Purity/Danger by Lizzy Yzzil
Recently I realized that I didn’t like music very much at all. Maybe I did actually like music in the past; it’s hard to know now what I have genuinely liked. The same can be said for my sexuality, food preferences, etc; It’s really hard to know. The moment I am confident about genuinely liking something, it negates some previous feeling I had about liking something. I have been told that I think in ‘black and white,’ and this is also a source of confusion. If I do think like this, which I am sure I don’t, I would not be able to see this quality in myself anyway, being unable to look outside of my current thought process–whatever that may be. It’s really hard to know.
Sometime in the past few weeks I was feeling very edgy, riding in the passenger seat of my boyfriend’s truck, and I said, “Please don’t put on any Dinosaur Jr.” Then he put on something else and I asked him to turn it off. I felt like I was a disappointment. Lately the only kind of noise I like to hear is background noise of people talking, which is best accomplished with television; public spaces often make me feel anxious. This includes movie theatres, which were typically places where I would retreat, alone, from others; also grocery stores, where I must routinely buy food to cook and eat.
Toward the end of the summer I went to pick up weed from my dealer. This was before I learned the code to his apartment complex so I parked my car outside of the nearest gate and walked through the gate as soon as it was summoned to open. I didn’t try to follow a car inside with my own because other cars would do that too, and it would always be too late. I imagined my car being crushed in between two metal gates, preferably in the exact middle of the car, leaving me unscathed. Other times I have imagined my car being crushed in such a way that it no longer resembles a car, and I no longer resemble myself, and am no longer myself–my ‘self’ being seemingly dependent on some sort of life-living.
I bought an eighth of weed and a gram of hash. While my dealer was weighing it all out in front of me I asked him about his girlfriend. Her picture was tucked into the corner of a framed lenticular image on his wall depicting a wolf howling on top of a mountain and a galaxy scene, respectively. He sighed and said he had just met her parents. After I took the baggies and gave him the money he walked me to the door. He wrapped his arms around me and held me. I looked down at the floor and slowly rested my hands on his back. He gripped my body for a few minutes and then let go, and I put the weed and hash in my pocket and left.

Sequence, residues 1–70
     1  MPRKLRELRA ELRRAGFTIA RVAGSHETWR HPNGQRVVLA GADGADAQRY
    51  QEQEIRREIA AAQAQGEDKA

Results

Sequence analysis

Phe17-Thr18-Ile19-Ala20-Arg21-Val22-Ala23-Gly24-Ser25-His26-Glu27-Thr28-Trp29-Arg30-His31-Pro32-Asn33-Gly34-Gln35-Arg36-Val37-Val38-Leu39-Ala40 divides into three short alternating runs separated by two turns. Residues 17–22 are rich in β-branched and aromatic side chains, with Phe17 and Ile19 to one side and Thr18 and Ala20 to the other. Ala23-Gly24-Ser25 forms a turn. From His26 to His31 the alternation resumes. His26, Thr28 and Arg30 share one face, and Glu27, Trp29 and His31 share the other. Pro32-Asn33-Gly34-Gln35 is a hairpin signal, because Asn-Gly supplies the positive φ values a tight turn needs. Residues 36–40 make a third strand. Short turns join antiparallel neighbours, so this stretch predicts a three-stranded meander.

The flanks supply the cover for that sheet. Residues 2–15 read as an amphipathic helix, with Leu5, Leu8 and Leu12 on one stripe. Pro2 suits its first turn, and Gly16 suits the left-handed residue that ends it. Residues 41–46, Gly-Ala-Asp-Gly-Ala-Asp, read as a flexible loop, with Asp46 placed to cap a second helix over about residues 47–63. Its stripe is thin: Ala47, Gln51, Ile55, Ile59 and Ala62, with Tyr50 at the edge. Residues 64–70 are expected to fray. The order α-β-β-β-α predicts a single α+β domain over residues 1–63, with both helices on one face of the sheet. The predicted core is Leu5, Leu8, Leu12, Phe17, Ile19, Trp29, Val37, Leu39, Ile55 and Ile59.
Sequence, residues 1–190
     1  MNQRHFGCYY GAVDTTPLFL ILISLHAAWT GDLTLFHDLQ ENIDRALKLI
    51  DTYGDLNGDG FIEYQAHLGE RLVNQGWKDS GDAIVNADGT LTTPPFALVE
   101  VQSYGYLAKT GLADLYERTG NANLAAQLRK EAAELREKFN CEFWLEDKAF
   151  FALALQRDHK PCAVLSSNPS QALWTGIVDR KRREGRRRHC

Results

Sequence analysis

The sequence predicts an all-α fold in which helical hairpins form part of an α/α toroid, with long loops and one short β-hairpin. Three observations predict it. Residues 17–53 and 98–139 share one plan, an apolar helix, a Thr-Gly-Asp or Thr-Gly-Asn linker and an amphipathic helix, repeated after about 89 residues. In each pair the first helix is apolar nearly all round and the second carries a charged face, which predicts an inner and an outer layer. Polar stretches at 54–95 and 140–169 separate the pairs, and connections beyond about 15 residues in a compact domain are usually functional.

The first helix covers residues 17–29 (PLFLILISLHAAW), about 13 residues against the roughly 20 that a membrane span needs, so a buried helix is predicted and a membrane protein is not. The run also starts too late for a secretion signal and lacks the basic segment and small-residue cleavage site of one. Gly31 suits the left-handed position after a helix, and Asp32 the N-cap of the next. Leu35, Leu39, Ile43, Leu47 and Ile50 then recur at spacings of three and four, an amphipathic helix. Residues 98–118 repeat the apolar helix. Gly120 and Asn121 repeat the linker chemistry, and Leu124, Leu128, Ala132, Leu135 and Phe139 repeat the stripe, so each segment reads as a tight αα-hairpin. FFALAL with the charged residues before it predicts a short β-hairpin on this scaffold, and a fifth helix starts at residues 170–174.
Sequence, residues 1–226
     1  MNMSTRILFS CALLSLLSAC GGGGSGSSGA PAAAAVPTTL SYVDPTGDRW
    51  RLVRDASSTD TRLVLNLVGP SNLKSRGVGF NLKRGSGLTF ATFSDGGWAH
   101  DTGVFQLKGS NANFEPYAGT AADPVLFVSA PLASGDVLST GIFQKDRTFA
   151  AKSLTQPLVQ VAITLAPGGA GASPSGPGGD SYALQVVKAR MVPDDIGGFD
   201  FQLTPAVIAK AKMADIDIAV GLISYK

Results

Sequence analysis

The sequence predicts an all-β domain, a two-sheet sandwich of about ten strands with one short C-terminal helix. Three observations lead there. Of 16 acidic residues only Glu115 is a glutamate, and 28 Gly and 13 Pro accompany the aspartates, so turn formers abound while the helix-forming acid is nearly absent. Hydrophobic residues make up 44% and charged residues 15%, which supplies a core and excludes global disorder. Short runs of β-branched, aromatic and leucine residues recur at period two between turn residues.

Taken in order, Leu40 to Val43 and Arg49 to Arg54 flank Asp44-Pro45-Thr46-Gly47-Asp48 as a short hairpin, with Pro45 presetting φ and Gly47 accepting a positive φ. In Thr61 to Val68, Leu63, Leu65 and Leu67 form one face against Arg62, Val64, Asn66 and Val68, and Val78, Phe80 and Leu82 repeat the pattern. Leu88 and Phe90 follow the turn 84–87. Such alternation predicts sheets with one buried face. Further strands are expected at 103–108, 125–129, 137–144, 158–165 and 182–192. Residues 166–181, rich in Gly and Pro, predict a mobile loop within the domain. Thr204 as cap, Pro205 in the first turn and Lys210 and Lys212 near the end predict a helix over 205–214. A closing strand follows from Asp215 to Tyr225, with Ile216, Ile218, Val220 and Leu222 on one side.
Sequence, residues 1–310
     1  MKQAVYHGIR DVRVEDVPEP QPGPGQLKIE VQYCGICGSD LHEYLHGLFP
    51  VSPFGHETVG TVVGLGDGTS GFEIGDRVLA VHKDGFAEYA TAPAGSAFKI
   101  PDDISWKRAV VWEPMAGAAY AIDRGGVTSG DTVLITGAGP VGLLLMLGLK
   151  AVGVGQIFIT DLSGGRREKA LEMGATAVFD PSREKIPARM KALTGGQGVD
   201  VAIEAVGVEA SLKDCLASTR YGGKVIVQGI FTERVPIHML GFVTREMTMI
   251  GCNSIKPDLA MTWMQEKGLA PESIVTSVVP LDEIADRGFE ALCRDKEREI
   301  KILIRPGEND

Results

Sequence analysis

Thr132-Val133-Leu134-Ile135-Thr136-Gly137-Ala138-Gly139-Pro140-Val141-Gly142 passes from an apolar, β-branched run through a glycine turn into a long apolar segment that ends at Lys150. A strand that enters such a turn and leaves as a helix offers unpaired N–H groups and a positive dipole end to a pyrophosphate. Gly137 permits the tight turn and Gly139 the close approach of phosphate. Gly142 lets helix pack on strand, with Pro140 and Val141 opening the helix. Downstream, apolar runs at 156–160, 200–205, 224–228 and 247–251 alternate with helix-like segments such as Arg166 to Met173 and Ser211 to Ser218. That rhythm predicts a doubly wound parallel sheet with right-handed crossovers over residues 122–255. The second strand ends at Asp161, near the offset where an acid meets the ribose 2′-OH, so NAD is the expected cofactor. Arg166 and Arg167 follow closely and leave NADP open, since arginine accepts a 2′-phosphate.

I don’t smoke weed (or hash) anymore. I don’t really drink alcohol anymore, except for the half a beer I drank yesterday. It was the two year anniversary of my being raped. I met my friend for lunch at this place with no indoor seating, even though it was very cold outside. He ordered a frozen mimosa and I ordered a beer, and when I took a sip, I felt instantly like I was laying down on a beach. It was a Mexican beer and it came with a lemon slice.
I ate a breakfast taco and my friend asked me, “What’s in that?” I ate another taco with meat that had been soaked or cooked in orange juice. The beer didn’t bring me anymore pleasure. “The first sip is the best,” I said, as my friend made the slurping sound and captured the last sips of his own drink through a straw. Afterwards we walked to the bar next door and he bought a shot of bourbon. We sat by a fire pit, mostly in silence. Periodically, my friend would say, “I don’t get it…I don’t get how so many people are…affected by this.” He said he thought maybe all his exes had been raped.
Two and a half years ago I was involved with someone with whom I agreed very much on the topic of relationships. We both felt that one should wake up every day and evaluate anew one’s attraction. This is the most positive memory I have of our relationship. The least positive memory I have of our relationship is wandering into the bathroom one morning to brush my teeth and watching him look at his own face in the mirror. He then turned the shower on, ducked his hair under the stream of water, and flipped it back dramatically. He mussed his wet, greasy hair with his hands until it looked acceptable to him. I stood at the doorway while he did this for about ten minutes, wondering if he had noticed me, and then he turned and smiled at me, like, “I did it!,” and I knew he had.
I don’t think I like music at all, but I hope this is temporary. The end of the year feels like the end of everything–like I may never see 2014, and if I do, I will have to relearn what year it is, to write on forms and checks; that in itself seems overwhelming. Every document I sign next year will somehow negate every document I signed this year. I can’t even find my passport or my social security card. Somewhere slips of paper and laminate, mostly black and white, float slowly to the ground, bearing my name.
Yesterday when I tried to light a bundle of sage, in an effort to cleanse my body, it kept going out. I wanted to be clean so badly. I want to no longer feel like matter out of place. My favorite sound now, other than rain hitting a roof, and cars driving through the rain, is probably the sound of the central heat turning on; but then eventually it gets too hot, and I wait anxiously for the heating cycle to end.
Lizzy Yzzil is a writer living in Austin. She is the writer of Poems Vol. 1 (Unfit, 2013).
© 2014, Metazen.